Early anatomical dissection theatres exist in ancient universities across Europe, what is the history behind their existence?
17th Century scientists chose to take a different approach to the investigation and art of their science. They were thinking in a new way that was radically different from anything that had gone before, they decided that rather than follow the approach favoured by the Greeks and others, who approached science in a philosophical theorizing way, they wanted to learn from the world around them by experiencing it directly for themselves. They wanted to experiment and test theory, directly, from observation.
In the study of anatomy however this approach would have big ramifications, as the practice of human dissection would lead to great controversy in both the church and wider society.
For centuries scientists had been dissecting animal bodies, hoping that this may lead to a greater understanding of human anatomy but frustration set in amongst these learned fellows who recognized the limitations of this experimentation. They wanted to use human bodies and inevitably this led to the practice of regular and what would increasingly become, culturally acceptable human dissection.
Leonardo da Vinci in Italy in the C15th was studying anatomy, we see from his anatomical drawings that he was using human cadavers to make his observations but it was not until Andreas Vesalius, now known as the Father of Anatomy, began his work that human dissection became more openly practiced. He was frustrated by the limitations of animal dissections and wrote a book, ‘Fabrica’ first written in 1543 and then reprinted in 1555, that was to lead the way but he was thwarted by both the public and the church who saw no merit in what he was doing.
Vesalius performed dissections in what would become known as ‘theatres’ to try and convince people of the importance of what he was doing but only in the Netherlands where the practice of such experimental science was seen not to be in conflict with the church was it widely accepted but in the first instance limited to only one dissection a year but this was doubtless ignored and private human dissections were being undertaken.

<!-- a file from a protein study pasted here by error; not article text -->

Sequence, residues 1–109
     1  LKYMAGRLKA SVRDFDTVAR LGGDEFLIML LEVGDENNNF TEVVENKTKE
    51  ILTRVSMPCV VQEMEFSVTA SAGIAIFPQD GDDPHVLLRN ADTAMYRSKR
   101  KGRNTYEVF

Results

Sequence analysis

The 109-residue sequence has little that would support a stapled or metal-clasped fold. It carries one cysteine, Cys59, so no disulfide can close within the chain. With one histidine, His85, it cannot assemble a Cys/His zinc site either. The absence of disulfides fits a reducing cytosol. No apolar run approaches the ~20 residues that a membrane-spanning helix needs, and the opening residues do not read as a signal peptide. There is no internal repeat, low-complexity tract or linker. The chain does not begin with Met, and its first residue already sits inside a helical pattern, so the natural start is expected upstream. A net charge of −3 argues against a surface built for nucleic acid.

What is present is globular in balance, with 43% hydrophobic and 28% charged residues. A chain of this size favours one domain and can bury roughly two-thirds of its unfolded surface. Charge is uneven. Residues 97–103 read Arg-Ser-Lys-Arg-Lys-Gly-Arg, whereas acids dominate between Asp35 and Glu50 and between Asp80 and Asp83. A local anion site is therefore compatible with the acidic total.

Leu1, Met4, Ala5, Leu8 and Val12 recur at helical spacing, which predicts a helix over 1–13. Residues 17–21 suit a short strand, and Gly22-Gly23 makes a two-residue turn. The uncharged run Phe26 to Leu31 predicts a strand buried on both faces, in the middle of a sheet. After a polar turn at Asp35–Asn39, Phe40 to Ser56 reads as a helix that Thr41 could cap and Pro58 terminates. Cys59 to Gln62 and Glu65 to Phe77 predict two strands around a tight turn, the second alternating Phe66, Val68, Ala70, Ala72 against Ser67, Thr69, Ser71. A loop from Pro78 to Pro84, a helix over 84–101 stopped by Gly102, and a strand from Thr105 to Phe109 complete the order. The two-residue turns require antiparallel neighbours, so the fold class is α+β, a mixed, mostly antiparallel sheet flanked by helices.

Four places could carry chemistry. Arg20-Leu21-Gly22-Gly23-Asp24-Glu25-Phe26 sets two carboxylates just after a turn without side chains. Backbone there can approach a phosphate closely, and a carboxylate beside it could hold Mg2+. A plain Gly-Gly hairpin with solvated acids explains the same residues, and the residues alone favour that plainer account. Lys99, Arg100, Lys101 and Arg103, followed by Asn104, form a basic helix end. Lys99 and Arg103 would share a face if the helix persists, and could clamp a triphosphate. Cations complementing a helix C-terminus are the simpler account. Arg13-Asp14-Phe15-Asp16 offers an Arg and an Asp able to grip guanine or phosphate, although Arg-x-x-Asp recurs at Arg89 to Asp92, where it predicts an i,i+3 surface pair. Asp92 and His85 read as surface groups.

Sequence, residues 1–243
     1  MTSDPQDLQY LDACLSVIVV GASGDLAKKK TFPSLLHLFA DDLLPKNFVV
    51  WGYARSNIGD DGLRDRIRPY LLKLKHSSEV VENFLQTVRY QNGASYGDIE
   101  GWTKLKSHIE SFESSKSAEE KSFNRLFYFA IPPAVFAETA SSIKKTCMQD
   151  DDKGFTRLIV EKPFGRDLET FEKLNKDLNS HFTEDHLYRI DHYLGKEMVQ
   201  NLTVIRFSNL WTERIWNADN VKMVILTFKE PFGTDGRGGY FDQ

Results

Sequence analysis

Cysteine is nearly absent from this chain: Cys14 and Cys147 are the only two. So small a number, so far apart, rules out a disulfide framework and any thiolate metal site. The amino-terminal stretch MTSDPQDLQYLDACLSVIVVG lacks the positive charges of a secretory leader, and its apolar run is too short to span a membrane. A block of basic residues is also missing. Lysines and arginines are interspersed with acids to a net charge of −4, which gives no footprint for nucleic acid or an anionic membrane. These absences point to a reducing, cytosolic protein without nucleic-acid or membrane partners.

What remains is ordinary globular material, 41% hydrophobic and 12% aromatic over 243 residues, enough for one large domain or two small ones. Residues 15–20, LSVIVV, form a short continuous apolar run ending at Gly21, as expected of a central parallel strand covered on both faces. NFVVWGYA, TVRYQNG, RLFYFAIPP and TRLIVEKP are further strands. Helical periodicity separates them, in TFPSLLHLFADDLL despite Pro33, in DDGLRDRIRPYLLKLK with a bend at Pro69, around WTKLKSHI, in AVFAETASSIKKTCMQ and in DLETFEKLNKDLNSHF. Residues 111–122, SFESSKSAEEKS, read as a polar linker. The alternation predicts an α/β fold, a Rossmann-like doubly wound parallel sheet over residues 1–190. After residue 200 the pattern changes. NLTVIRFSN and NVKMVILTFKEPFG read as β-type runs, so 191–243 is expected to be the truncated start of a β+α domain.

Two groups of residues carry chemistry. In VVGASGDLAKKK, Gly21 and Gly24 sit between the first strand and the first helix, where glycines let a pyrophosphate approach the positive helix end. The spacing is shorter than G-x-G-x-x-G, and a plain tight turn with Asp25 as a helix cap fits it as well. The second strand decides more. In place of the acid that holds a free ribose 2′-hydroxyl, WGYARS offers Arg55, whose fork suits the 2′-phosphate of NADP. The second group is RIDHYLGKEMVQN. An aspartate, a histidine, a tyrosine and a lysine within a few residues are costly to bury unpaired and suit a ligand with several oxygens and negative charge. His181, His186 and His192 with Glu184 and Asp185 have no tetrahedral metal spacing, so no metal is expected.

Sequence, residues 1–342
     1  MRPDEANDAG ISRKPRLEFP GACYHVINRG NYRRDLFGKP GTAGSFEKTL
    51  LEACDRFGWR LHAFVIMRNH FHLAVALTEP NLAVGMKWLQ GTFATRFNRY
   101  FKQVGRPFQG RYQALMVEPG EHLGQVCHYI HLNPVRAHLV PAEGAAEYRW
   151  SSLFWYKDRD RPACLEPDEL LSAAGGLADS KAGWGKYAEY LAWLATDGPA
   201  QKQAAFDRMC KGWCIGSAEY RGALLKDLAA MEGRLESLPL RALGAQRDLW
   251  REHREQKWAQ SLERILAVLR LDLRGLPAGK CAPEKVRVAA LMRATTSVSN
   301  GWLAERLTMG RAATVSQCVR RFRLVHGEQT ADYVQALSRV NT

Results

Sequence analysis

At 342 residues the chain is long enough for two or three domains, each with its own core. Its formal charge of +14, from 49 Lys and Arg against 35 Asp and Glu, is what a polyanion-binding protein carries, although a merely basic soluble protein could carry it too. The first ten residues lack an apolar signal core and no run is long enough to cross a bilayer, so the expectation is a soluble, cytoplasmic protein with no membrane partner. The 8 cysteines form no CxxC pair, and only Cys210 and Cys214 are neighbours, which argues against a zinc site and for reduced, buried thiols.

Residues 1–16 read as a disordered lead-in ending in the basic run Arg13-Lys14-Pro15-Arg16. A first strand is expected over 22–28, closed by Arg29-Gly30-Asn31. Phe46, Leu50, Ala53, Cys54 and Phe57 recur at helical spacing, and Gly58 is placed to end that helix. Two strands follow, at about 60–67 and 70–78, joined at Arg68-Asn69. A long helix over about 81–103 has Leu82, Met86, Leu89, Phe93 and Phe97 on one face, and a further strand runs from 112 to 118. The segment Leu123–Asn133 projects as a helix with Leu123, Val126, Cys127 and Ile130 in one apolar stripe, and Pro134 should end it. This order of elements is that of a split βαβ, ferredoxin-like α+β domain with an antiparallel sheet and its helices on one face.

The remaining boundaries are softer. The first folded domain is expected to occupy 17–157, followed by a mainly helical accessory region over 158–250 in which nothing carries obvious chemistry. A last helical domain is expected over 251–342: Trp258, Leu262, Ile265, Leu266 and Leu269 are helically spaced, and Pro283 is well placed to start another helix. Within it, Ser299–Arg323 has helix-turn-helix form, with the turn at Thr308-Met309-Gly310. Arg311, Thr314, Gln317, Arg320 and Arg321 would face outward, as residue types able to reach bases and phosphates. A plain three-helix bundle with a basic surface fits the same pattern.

Where did the human cadavers come from?
The remains of criminals were used and at the site of executions riots would break out as people still thought that dissection was a final desecration of the body and a step too far. The lack of bodies fueled the criminal activity of body snatching, that is the removal of freshly buried bodies from graves. These body snatchers or resurrectionists as they were sometimes called were cunning in their methods for stealing bodies, using wooden shovels to deaden the noise or bodies were dragged up through a tunnel dug at one end of the coffin, so there was the least disturbance to the ground. Indeed in some graveyards small huts were erected to house a night watchman to try to stop this activity. More alarmingly, people were murdered to provide the corpses required by surgeons who would pay a good price for a fresh corpse. This action brought the whole scandal to a head when, in 1828 Burke and Hare were convicted of murder to provide cadavers for dissection and the outrage caused the government to bring in the Anatomy Act of 1832.
What were the anatomical theatres?
Anatomical theatres were lecture theatres in the round, that is the stone dissecting table was at the centre of an elliptical or circular room, which had tiered seats allowing all students and other observers to clearly see the dissection. Many were certainly theatrical, the one at the Archiginassio in Bologna, Europes oldest university.
The room is entirely made of spruce wood and intricately carved. The statues holding up the canopy of the teaching chair are of skinned human forms, Bodies available for dissection were scarce and so these lectures were few and far between and would have been full of medical students. Because of the lack of means to preserve the bodies, Winter dissections must have been preferable to summer.